South Point High School students raise money to give kids a better Christmas
SOUTH POINT, Ohio -- Mario Pallidino makes a pretty good Santa Claus.
Pallidino, a South Point High School senior and student body president, was pressed into service as Santa Claus to pass out presents to about 20 elementary students in the South Point school district.
The high school's student council along with the school's math honor society, Mu Alpha Theta, in conjunction with United Way of the River Cities, raised about $5,000 for the program called The Big Coverup, said Kent Stewart, a South Point High School history teacher.
Other school programs raised funds for some food baskets and high school teachers and staff raised $1,000 so some high school students could have a better Christmas, he said. The school's Young Progressive Club and the History Club, raised funds for the food baskets, he said.
Some of the students went shopping for the young children and them took them to lunch at the Marshall University Cafe in Huntington before presenting them with the gifts, Pallidino said.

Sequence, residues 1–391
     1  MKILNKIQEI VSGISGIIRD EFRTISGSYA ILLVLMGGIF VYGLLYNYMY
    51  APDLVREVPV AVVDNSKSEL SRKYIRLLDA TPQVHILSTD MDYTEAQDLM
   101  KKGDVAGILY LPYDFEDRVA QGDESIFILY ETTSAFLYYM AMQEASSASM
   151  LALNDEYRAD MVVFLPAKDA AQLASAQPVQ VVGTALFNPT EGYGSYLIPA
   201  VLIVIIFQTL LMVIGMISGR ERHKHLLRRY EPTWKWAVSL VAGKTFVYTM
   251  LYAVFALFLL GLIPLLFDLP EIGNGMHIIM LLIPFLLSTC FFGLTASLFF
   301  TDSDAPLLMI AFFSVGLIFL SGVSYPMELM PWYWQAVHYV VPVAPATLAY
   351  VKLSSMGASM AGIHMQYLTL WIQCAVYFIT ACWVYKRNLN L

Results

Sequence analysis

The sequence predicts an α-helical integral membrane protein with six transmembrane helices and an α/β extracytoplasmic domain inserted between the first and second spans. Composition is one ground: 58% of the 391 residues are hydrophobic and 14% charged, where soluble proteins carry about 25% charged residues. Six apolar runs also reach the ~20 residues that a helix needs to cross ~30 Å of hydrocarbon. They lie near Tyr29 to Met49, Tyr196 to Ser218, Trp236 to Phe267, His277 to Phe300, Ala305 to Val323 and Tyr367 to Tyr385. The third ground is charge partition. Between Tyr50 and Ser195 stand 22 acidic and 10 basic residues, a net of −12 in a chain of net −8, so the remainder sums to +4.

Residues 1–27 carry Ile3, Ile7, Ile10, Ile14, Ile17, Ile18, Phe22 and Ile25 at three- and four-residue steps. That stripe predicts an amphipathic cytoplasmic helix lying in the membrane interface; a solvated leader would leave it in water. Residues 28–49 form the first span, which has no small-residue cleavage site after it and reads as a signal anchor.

"Kids don't want clothes for Christmas," Stewart said. "So the students went out and shopped for toys."
"These are good programs," he said. "It's a way to give back to the community. I think it's important to do things like this. It gets to you... I have been known to cry when I see the expression on the kids faces. We have so many student volunteers. It makes you feel good as a teacher to see this."
"I did this last year, but only the seniors get to get dressed up as elves," Pallidino said. He got dressed up as the head elf, but got to play Santa Claus when the person tabbed to pass out the presents couldn't make it.
"It was a great feeling," Pallidino said. "I've been on the receiving end of something like this. I've been there. It's a great feeling to know that there is someone out there who cares. Playing Santa was a great feeling. To do this for someone else was a very good feeling."
Haleigh Henson, another South Point senior and the student body president, has participated in the program all four years at the high school. "This year I was basically Mrs. Claus," she said.
The students spent between $100 and $120 on the students between the ages of 5 and 7.
"It was all worth it," she said. "It's a real honor to be part of it. We made their Christmas. When we would call their names, their faces lit up."